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Anti-pelagian Writings by St. Augustine

Chapter 11.--The Pelagians Understand that the Law Itself is God's Grace.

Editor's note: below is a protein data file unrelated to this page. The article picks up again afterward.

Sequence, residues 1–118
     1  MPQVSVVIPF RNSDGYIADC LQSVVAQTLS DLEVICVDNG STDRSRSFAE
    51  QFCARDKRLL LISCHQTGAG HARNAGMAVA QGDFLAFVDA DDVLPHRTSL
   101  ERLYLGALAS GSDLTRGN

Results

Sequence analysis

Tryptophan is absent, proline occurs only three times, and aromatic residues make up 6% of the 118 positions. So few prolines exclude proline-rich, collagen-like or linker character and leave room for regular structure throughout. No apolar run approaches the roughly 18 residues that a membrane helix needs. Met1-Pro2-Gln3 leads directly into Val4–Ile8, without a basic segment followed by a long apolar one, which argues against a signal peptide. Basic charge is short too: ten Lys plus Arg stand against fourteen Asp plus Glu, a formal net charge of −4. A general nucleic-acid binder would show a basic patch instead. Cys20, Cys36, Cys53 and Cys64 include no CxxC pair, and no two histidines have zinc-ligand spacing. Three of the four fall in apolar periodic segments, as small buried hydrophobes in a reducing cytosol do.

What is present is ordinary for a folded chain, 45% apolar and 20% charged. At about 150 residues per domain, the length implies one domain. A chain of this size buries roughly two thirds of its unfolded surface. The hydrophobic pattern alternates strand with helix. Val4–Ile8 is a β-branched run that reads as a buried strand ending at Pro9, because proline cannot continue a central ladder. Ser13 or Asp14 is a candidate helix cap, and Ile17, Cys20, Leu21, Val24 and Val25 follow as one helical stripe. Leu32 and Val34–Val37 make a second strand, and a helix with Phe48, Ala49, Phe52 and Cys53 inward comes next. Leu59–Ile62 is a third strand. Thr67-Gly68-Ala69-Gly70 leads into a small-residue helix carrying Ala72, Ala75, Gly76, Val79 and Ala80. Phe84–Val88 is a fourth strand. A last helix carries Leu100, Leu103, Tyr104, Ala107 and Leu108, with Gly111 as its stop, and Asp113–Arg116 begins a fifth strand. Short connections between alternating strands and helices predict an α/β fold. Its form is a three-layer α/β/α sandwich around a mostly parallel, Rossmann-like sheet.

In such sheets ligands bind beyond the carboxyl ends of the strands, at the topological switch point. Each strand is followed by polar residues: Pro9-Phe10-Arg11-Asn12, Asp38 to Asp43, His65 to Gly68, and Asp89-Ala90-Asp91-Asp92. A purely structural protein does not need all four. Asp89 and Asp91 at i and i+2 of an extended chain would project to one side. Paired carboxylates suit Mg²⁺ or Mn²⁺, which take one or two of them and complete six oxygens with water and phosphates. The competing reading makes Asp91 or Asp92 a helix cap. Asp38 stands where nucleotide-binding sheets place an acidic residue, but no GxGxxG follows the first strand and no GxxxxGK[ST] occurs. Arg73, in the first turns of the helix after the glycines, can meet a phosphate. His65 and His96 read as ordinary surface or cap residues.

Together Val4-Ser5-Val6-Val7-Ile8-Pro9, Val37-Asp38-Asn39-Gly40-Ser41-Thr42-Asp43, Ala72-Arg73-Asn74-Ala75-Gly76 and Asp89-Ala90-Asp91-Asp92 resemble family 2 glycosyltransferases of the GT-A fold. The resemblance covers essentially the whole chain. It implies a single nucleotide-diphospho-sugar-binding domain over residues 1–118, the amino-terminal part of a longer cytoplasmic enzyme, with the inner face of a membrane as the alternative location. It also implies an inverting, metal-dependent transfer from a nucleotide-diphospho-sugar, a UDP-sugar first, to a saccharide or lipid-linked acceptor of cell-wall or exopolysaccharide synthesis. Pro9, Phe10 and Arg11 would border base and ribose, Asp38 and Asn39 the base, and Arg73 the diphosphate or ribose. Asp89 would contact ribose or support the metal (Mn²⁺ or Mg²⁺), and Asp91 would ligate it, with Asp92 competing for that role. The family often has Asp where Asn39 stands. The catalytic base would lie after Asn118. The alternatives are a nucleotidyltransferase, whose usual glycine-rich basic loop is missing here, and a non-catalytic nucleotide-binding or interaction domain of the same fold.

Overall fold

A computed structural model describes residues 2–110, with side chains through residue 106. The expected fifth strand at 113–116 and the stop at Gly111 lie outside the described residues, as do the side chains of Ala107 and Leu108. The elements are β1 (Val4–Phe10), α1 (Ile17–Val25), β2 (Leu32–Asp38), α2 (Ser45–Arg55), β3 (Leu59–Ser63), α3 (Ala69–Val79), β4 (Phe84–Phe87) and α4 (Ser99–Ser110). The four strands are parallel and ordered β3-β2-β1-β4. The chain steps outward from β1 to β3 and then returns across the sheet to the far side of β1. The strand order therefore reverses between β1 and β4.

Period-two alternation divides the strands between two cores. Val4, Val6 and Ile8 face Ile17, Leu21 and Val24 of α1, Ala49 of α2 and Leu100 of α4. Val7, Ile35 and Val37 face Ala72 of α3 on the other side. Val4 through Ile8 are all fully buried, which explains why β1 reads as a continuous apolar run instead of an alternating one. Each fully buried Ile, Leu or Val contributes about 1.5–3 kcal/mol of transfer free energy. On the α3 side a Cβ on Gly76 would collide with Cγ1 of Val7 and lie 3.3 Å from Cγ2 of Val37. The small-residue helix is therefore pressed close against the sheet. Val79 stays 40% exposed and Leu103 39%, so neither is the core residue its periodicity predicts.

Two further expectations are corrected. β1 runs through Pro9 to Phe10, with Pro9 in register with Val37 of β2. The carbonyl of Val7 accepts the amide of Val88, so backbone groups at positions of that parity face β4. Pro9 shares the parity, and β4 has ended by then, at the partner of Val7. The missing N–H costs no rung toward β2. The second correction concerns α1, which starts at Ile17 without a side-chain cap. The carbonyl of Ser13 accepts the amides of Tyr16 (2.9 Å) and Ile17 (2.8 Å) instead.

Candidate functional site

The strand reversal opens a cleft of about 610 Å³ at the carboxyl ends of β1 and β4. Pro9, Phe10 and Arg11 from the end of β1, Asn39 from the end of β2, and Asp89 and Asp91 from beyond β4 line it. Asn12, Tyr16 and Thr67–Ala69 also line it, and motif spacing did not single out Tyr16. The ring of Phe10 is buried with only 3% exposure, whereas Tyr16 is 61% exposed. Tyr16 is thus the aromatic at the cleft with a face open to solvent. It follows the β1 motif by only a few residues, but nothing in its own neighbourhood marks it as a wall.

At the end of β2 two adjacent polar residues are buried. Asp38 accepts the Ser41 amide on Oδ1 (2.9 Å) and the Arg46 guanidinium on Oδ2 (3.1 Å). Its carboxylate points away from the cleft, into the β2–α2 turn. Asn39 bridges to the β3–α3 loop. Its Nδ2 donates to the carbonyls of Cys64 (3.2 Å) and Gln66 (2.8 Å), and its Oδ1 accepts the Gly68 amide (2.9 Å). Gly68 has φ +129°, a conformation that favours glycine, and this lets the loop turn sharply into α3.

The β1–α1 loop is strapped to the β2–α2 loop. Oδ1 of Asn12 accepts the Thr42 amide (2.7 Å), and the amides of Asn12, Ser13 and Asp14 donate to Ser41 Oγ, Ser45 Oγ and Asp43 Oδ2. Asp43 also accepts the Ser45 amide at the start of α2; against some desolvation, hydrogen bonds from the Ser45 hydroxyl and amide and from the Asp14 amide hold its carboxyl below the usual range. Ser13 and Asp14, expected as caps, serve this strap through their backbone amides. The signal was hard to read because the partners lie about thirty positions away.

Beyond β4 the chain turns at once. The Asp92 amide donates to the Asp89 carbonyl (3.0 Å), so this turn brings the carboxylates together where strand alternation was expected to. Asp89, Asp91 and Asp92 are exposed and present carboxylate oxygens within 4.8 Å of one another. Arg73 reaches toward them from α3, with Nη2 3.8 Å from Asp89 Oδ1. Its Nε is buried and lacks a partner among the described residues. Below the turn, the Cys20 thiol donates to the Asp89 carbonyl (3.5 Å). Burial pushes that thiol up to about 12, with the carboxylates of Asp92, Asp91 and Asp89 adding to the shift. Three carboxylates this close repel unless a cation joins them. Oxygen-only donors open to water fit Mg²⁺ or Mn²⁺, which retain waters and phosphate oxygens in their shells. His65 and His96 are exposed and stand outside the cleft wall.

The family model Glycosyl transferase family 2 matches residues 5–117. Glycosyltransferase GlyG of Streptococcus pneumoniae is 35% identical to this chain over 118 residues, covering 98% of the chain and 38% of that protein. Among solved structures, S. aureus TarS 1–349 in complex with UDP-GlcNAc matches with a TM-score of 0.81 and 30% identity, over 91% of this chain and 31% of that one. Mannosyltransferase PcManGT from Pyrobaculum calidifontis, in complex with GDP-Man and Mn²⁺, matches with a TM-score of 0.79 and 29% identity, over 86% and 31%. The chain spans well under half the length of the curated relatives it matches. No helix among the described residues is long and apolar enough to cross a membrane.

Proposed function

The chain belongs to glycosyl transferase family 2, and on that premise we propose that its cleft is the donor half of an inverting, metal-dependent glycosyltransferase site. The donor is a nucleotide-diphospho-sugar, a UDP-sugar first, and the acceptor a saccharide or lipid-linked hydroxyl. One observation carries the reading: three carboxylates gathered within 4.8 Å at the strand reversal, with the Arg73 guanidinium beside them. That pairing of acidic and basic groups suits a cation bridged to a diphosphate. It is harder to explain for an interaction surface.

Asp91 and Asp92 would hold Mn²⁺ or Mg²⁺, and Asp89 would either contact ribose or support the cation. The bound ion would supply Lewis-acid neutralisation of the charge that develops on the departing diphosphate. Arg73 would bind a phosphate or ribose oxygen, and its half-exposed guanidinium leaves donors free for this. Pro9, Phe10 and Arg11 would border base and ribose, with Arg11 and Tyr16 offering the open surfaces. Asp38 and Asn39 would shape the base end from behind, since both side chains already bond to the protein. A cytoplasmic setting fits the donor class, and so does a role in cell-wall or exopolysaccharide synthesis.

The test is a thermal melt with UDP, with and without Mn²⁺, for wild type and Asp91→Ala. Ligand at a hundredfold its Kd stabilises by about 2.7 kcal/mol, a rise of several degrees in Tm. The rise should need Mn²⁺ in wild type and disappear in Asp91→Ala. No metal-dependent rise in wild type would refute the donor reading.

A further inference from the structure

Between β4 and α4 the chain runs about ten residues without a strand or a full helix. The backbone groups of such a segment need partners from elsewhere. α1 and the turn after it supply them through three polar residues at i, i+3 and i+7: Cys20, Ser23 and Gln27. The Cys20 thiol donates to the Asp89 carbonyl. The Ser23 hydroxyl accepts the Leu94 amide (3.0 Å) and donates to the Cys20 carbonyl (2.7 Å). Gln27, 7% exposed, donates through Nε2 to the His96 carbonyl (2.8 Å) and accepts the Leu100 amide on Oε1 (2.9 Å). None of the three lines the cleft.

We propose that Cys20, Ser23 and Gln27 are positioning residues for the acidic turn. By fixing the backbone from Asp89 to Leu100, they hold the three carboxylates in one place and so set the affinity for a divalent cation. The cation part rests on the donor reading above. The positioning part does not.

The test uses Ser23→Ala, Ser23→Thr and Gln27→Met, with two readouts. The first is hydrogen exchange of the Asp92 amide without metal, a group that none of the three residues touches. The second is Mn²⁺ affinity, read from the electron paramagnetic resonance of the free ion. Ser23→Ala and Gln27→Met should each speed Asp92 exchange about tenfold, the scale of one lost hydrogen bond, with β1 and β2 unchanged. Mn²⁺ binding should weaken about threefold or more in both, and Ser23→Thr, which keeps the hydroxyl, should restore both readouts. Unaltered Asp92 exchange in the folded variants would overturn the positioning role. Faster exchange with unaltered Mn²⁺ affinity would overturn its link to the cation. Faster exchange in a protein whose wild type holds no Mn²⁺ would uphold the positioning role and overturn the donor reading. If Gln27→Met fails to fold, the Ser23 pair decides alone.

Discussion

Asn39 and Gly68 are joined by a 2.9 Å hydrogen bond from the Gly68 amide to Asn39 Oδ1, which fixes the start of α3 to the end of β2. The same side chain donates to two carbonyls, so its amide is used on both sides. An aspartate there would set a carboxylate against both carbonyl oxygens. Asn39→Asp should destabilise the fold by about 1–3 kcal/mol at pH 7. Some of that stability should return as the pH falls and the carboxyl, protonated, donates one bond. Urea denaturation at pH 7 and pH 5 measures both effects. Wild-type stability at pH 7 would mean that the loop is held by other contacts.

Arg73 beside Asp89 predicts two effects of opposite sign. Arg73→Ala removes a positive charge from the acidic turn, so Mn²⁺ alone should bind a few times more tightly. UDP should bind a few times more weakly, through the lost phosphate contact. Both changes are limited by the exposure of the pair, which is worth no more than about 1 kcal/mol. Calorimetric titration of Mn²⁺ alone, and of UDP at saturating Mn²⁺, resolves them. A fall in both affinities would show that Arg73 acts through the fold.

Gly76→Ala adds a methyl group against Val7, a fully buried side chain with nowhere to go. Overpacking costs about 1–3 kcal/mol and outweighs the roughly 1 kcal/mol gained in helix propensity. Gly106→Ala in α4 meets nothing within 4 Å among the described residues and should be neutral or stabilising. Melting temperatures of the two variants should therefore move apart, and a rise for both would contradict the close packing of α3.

But those enemies of grace never endeavour to lay more secret snares for more vehement opposition to that same grace than when they praise the law, which, without doubt, is worthy to be praised. Because, by their different modes of speaking, and by variety of words in all their arguments, they wish the law to be understood as |grace| -- that, to wit, we may have from the Lord God the help of knowledge, whereby we may know those things which have to be done, -- not the inspiration of love, that, when known, we may do them with a holy love, which is properly grace. For the knowledge of the law without love puffeth up, does not edify, according to the same apostle, who most openly says, |Knowledge puffeth up, but love edifieth.| Which saying is like to that in which it is said, |The letter killeth, the spirit maketh alive.| For |Knowledge puffeth up,| corresponds to |The letter killeth:| and, |Love edifieth,| to |The spirit maketh alive;| because |the love of God is shed abroad in our hearts by the Holy Spirit who is given unto us.| Therefore the knowledge of the law makes a proud transgressor; but, by the gift of charity, he delights to be a doer of the law. We do not then make void the law through faith, but we establish the law, which by terrifying leads to faith. Thus certainly the law worketh wrath, that the mercy of God may bestow grace on the sinner, frightened and turned to the fulfilment of the righteousness of the law through Jesus Christ our Lord, who is that wisdom of God of which it is written, |She carries law and mercy on her tongue,| -- law whereby she frightens, mercy by which she may help, -- law by His servant, mercy by Himself, -- the law, as it were, in the staff which Elisha sent to raise up the son of the widow, and it failed to raise him up, |For if a law had been given which could have given life, righteousness would altogether have been by the law,| but mercy, as it were, in Elisha himself, who, wearing the figure of Christ, by giving life to the dead was joined in the signification of the great sacrament, as it were, of the New Testament.
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